Hello Near Merchants!
We will be looking a little deeper at the NEARUSDT 1Day chart and try to determine what could likely be the next move for Near. Our basic indicator and technique would be the Relative Strength Index (RSI), chart patterns and applications of the RSI divergences.
First of all, I’ll walk you through the use of the Relative Strength Index (RSI) Indicator. You may already know how to use this indicator to determine when the market is relatively Overbought or Oversold. For any of the overbought or oversold conditions, we will have to trade in the opposite direction of the current market in order to stay in the profitable market zone.
The Relative Strength Index (RSI) is an indicator developed by Welles Wilder who was an American mechanical engineer, turned real estate developer. He is best known, however, for his work in technical analysis. The RSI is a very popular momentum indicator. One of its uses is to signal overbought/oversold conditions in a security. A security is overbought when it has risen too far and too fast above the 70 region while it is considered to be oversold when it falls below the 30 region. The 30 and 70 regions are the default oversold and overbought regions respectively. These regions are often considered to be a warning that the security will soon correct by a change in market direction. A security is oversold when it has dropped too far too fast to the 30 region, and this is often considered to be a warning that it will soon rise. Watching for these conditions, traders will sometimes place a contrary bet in the hopes of profiting when the stock rises or falls.
The diagram below shows clearly the positions of the RSI in both overbought and oversold market conditions. At positions above 70 on the RSI window shows that the market is already overbought while at positions below 30 shows that the market is oversold.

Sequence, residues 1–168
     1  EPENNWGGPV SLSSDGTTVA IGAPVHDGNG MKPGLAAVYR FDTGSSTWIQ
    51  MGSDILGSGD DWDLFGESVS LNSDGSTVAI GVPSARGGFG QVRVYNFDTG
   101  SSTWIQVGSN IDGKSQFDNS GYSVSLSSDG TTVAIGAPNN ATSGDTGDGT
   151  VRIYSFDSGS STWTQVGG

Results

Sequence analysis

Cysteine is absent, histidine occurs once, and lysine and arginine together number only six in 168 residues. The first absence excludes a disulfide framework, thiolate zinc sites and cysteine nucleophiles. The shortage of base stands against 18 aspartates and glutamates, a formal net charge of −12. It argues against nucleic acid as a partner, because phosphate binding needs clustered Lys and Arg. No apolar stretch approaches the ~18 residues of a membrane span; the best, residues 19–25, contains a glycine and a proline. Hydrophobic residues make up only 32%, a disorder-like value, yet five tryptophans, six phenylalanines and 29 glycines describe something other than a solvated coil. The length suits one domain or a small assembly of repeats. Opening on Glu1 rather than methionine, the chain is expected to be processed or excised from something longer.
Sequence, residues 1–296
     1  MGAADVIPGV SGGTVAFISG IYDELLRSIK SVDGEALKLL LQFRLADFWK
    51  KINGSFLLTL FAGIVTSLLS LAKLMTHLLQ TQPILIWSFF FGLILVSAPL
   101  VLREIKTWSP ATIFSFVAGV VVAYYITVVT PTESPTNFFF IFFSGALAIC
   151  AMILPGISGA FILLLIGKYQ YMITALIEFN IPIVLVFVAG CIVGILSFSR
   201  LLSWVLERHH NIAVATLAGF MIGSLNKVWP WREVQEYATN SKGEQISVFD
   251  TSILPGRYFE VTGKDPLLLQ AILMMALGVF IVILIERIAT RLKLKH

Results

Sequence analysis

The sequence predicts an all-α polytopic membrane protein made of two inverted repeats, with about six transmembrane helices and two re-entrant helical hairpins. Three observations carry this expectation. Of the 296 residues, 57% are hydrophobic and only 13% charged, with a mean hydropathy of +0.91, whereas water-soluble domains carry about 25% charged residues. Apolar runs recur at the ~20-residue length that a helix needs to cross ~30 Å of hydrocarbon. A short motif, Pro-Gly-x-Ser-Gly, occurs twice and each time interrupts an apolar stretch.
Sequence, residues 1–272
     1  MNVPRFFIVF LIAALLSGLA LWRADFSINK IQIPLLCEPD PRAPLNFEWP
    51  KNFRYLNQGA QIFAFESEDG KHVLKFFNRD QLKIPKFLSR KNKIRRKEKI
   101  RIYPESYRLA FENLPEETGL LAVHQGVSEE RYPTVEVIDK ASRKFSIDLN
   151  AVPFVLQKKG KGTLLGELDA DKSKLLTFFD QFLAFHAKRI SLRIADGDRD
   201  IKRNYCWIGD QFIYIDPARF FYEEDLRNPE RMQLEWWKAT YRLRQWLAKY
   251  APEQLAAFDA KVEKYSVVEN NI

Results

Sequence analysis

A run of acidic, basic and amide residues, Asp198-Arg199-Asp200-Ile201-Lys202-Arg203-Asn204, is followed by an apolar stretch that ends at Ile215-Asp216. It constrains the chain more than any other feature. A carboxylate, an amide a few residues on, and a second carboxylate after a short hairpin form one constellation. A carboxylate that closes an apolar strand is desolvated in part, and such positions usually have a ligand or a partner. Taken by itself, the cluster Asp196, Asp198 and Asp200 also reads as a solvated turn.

Most traders consider these overbought and oversold regions as trend reversal triggers while more professional traders would always look out for better triggers with the RSI than just the overbought and oversold conditions.
In this analysis, we’ll try to spot the right triggers for trend reversals using the RSI divergences.
First of all, let us consider different situations with the RSI. The RSI could be indicating that a security is overbought and still continues to buy or could be indicating an oversold condition and still continues to sell. These could be as a result of certain abnormal conditions referred to as the bullish divergence or the bearish divergence.
Let us begin with the bearish divergence. The diagram below shows a bearish divergence.
The diagram above shows points A and B on the price chart corresponding to C and D on the RSI. Points A and B indicates that the trend is bullish and should probably continue its bullish movement while points C and D on the RSI oscillator is bearish. The market usually moves in the direction of the RSI oscillator.
Another scenario is shown below where the price chart shows a bearish pattern against a bullish channel on the RSI oscillator. These are typical examples of bullish and bearish divergence.
Now let’s observe the points P and Q on the price chart where P is at a higher price position than Q. Also, the points R and S on the RSI window which correspond to P and Q respectively. Here, R and S are rather on a straight line.
This case is not a divergence but a proof that the trend lines joining the points P and Q is correct and would take effect to produce a downward movement.
Here is a practical application of the bullish and bearish divergence.
The points E and F on the price $NearUsdt price chart corresponds to G and H on the RSI oscillator. There is a bullish and bearish divergence here which would likely result in a bullish price movement. An estimated price reach for $Near would be $7 to $8.4.
This is not financial advice but for educational purposes.
Good luck Merchants!